Funk, largely a reaction against Abstract Expressionism, was marked by self-expression, humor, improvisation, taboo imagery, and skepticism toward craftsmanship. Notkin discovered Funk in 1968 when he and some friends took a trip gallery hopping in New York. It was there at the Dada, Surrealism, and Their Heritage exhibit at the Museum of Modern Art that Notkin saw Arneson’s Typewriter, a ceramic typewriter whose keys morphed into women’s fingertips, replete with red fingernail polish. “I was just blown away by that. I thought wow, what a great piece!” Notkin says, noting Typewriter‘s “obvious commentary on women in the workplace.” “It was a really wonderful generator of thought… I greatly admired that piece and I just thought boy, if I go to graduate school, I’ve got to study with that guy.” It was at U.C. Davis and through works like Typewriter that Notkin saw ceramics’ potential to generate political commentary.
Today Notkin continues his anti-war message. “Art is a revolt against man’s fate,” Notkin writes, quoting André Malraux, in his statement for All Nations Have Their Moment of Foolishness, a tile mosaic depicting George W. Bush. “I look at it in terms of human potential,” explains Notkin, who sees humanity as simultaneously capable of creating great works of art and destroying those very same works – and itself – “at the push of a button.”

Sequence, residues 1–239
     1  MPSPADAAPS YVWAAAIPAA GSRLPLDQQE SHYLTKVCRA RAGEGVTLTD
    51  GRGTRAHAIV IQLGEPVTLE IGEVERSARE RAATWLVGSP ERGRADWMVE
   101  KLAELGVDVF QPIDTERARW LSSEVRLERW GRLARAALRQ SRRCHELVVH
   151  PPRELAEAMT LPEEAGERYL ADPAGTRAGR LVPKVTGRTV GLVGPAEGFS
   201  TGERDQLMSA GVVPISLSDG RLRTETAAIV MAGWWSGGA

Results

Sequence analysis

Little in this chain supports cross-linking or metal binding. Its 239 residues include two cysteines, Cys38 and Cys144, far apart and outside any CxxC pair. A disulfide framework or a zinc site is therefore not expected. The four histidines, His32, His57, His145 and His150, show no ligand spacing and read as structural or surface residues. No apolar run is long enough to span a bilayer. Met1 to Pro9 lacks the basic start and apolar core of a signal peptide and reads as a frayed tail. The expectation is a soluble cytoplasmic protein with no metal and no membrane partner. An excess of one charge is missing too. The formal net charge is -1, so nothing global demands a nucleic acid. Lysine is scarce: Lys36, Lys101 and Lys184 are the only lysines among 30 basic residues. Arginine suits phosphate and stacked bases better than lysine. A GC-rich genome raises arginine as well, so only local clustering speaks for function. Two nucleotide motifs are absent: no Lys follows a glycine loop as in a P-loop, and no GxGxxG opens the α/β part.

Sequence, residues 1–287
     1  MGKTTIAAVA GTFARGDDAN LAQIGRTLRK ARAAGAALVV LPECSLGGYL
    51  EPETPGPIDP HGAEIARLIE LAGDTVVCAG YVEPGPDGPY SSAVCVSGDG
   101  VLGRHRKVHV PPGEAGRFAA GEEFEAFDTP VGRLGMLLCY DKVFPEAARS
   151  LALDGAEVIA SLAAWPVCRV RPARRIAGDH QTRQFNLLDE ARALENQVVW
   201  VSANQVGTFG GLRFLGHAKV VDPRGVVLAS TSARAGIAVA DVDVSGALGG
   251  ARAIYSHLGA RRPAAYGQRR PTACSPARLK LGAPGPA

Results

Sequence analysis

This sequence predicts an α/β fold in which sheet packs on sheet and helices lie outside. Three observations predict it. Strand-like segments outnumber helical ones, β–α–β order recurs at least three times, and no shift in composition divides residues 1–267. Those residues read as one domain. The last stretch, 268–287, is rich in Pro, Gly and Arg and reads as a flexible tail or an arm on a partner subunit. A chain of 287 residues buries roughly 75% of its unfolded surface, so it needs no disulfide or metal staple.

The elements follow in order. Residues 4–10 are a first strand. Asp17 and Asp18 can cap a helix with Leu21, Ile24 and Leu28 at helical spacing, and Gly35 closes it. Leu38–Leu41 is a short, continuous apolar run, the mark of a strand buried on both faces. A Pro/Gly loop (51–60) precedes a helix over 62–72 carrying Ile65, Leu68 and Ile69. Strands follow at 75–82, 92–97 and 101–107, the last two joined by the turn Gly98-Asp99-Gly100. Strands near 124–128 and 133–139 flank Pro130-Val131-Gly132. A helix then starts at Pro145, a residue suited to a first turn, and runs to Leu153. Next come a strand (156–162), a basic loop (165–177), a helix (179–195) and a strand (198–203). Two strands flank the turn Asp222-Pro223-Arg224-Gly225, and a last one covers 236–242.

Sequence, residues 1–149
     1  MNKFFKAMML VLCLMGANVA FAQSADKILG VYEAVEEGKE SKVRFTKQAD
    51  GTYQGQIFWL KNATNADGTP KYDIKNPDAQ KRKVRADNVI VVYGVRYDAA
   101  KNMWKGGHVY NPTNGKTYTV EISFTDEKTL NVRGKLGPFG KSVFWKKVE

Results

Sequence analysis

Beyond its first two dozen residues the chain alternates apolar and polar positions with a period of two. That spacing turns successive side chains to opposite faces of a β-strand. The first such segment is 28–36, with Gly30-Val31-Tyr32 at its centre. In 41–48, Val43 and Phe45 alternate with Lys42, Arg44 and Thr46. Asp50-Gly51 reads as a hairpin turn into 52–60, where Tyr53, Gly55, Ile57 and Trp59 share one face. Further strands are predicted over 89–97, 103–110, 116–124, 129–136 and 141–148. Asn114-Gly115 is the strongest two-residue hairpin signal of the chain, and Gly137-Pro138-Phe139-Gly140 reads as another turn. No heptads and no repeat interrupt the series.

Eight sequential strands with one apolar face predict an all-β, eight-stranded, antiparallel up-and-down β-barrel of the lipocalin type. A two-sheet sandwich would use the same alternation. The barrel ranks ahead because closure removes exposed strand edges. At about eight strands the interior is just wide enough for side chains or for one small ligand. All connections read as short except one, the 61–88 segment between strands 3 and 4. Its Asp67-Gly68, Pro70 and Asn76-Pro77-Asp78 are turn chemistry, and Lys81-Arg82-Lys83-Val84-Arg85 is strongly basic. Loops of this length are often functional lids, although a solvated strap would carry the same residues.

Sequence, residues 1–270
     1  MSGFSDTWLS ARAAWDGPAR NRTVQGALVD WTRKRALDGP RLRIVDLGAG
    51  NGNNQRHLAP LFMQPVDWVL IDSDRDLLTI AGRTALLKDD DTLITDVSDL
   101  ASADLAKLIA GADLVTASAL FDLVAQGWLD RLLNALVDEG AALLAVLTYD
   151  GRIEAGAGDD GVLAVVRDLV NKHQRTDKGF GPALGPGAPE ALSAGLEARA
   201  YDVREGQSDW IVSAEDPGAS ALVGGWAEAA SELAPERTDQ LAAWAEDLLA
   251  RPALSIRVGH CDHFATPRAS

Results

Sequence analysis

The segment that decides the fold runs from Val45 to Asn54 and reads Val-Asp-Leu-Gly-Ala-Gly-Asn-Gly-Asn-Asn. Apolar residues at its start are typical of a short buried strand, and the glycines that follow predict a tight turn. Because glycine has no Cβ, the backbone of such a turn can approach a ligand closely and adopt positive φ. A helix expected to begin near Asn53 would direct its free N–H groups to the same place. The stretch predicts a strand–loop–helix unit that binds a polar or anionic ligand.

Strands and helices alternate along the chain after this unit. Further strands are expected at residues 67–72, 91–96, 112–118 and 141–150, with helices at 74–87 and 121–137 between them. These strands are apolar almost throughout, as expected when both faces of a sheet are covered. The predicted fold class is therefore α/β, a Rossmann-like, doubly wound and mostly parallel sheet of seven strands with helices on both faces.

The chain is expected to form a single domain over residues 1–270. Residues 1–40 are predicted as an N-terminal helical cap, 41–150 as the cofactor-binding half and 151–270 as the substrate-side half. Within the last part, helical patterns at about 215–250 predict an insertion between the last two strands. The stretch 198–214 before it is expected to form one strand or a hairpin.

In The Last Syllable of Recorded Time Notkin imagines this nightmarish fate brought to bear by the push of a button. Tiles portraying creative and destructive drives combine to form an atomic explosion, starkly surrounded by a yellow and black border, which he eerily forms from human ears. Deafened by the explosive impact, their placement and texture resemble river rocks and the scattered shoes left behind after the Holocaust; “They’re about being stone deaf,” he explains, “how we either don’t hear, or hear things but don’t heed them.”
If humanity is made up of positive and negative forces, if it is made up of light and shadow, then art embodies our better nature: “the positive potential of the human species,” Notkin says. Although Malraux’s statement may be cynical, Notkin is optimistic in his expression of awe, wonderment and amazement at life and the creative spirit: “When I hear an incredible piece of music or see a work of art… like the Pietà by Michelangelo, I think, my God– a human being created that! It just amazes me, the capacity of human beings to create almost miraculous things.” “Life is a miracle to begin with,” Notkin reminds us. For him it’s a miracle worth preserving. That’s why he makes his art.
To see more of Richard Notkin‘s art, visit the Tikkun Daily Art Gallery and go to the artist’s website.
Annie Pentilla has an MFA and BA in creative writing from San Francisco State University. She co-edits Highway 101 Press (highway101press.com) and interns at Tikkun. Her work has appeared in Improv 2009: Anthology of Colorado Poets and Read This.